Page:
Rep. Fred Upton apparently sold out to incumbent telcos

A disturbing final paragraph in this article, which starts out telling the oft-told story of how a Houston family apparently didn't understand that their VoIP service doesn't come with 911 service (probably didn't bother to read the numerous warnings most VoIP companies give when you sign up), but then progresses to say this:

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Since then, the FCC has ruled that VoIP is an interstate service not subject to state rules and regulations, and that companies providing Internet telephony must comply with federal wiretap requirements. The agency is still studying the 911 obligations of VoIP carriers and the potential contributions carriers might be required to make to the Universal Service Fund.

"VoIP is still in its infancy and the regulatory ground upon which VoIP stands is not as firm as I think it needs to be in order that it reaches its projected potential," Rep. Fred Upton (R-Mich.), chairman of the subcommittee, said. "I would note that only seven individuals -- five FCC commissioners and two federal district court judges -- stood in the way of VoIP potentially being regulated by 51 state public utility commissions." [End quote from end of article at

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The fortunate thing is that Rep. Upton's views are probably in the minority, but I fear that the incumbent telco lobbyists are working furiously behind the scenes to try and get VoIP hobbled by state regulations. That would kill many of the smaller VoIP companies, and maybe all of them that don't have a presence in every state. We do NOT need regulation by state public utility regulators, and given the way the Michigan Public Service Commission has f***ed up expanded local calling, there is no way in hell I want them regulating VoIP. As far as I am concerned, the FCC is absolutely on the right track in exercising federal oversight of VoIP and pre-empting the states - it would be a disaster to VoIP to be subjected to individual state regulation.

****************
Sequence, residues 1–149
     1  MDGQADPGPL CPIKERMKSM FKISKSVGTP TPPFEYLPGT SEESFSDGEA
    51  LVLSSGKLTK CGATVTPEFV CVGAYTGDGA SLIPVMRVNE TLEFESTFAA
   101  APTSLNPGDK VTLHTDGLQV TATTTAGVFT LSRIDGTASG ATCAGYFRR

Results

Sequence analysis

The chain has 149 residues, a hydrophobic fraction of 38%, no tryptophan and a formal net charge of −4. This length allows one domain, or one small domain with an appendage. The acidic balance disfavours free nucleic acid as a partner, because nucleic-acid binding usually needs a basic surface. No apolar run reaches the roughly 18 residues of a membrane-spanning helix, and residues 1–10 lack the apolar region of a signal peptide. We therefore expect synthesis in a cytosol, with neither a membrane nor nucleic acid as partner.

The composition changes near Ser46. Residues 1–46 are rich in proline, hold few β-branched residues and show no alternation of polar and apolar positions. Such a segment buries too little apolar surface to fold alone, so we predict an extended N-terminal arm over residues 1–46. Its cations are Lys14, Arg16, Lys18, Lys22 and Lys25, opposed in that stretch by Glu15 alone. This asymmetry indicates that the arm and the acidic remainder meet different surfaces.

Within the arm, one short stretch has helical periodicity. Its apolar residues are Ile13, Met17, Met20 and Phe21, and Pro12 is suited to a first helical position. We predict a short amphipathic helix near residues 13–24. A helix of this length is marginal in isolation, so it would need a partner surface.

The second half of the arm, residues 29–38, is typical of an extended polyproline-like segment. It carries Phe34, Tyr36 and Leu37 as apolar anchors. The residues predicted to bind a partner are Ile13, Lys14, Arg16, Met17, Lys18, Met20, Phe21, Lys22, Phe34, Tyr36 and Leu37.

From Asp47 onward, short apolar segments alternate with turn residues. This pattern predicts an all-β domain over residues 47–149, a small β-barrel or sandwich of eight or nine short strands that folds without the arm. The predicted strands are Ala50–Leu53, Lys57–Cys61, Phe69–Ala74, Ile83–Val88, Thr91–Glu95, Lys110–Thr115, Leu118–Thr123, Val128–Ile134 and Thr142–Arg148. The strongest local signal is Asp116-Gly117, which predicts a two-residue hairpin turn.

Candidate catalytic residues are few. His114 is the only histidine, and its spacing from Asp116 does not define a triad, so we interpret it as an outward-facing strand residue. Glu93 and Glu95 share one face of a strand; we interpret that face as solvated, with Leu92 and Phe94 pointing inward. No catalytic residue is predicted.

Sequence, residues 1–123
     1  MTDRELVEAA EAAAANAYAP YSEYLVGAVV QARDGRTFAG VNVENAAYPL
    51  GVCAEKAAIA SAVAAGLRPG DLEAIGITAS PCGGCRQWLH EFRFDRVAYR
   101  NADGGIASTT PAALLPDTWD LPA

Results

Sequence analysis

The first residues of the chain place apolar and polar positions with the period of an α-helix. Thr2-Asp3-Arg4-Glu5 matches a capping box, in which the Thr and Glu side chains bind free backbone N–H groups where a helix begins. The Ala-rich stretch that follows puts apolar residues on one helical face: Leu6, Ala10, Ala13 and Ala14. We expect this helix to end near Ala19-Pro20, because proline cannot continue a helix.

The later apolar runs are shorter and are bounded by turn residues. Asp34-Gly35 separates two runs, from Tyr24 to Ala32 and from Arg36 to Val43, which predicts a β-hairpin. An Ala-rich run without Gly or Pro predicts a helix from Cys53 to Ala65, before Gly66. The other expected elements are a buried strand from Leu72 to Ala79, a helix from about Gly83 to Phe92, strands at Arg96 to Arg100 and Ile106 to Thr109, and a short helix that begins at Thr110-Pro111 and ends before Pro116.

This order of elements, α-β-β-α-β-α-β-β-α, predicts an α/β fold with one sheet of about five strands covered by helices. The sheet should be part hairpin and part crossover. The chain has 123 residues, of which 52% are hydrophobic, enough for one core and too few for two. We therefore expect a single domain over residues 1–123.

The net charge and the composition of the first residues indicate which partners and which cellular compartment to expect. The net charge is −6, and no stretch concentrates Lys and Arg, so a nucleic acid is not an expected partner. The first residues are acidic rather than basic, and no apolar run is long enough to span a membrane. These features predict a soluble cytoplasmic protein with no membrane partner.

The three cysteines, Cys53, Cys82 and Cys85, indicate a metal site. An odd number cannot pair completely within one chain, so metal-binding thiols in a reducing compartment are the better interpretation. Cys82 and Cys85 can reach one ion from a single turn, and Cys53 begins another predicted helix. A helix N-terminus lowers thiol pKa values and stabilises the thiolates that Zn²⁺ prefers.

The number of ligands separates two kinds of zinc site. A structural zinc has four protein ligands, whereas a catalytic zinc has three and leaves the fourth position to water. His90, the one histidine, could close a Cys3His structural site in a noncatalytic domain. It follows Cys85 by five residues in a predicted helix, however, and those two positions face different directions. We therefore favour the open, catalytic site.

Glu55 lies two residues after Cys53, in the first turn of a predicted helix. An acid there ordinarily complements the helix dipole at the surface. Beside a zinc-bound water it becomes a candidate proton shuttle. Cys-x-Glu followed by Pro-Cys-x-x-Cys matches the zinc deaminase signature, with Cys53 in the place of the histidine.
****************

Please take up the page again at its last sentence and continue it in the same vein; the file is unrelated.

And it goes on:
Those of you who live Rep. Upton's district in southwest Michigan (basically the Kalamazoo area and southwest) might want to write him or e-mail him and ask him to stop selling out to the incumbent telcos. Let him know that you don't want additional regulation and costs added to VoIP. His contact info is on this page:

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The issue of 911 is important but it will not be resolved immediately -- it took the cellular telephone industry a couple of decades to get the kinks worked out (some cell phone companies still don't offer "enhanced" 911), and since talks are already in progress between the major VoIP companies and the organization representing 911 centers, I am sure that most VoIP companies will offer 911 sooner rather than later. The FCC can facilitate this by putting its blessing on one nationwide scheme for VoIP connecting to 911, whereas if every state commission tries to regulate this, a VoIP company located in Nerw Jersey or California may be told they have to deal with over 50 different 911 connection mandates.

So I believe that Rep. Upton's comments have nothing to do with 911 and everything with who is pumping money into his election campaign.

According to

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SBC and Verizon were among his top contributors (SBC was his top contributor, while Verizon tied for the #6 slot. Also, Comcast Corp. and the National Cable & Telecommunications Assn. both tied for the #3 slot, and even when cable operators offer VoIP they often register as CLEC's and have a local presence in each state, and therefore might not oppose regulation that impedes independent VoIP, which does not have facilities in every state in the union).

One other thing, I have been warning that attempts at individual state regulation could backfire, since VoIP companies can move offshore and out of reach of any U.S. regulation. For example, a VoIP company located in Canada or England could probably still buy U.S. numbers for incoming calls from CLEC's, and still complete calls to the U.S. at wholesale rates about the same as what they are paying now. If you don't think this is true, consider that when the instant messaging program ICQ first started out, its servers were in Israel, and had the U.S. attempted to impose excessive regulation or taxation on instant messaging it's quite likely that the servers (and the company) would have stayed there.

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Jack Decker
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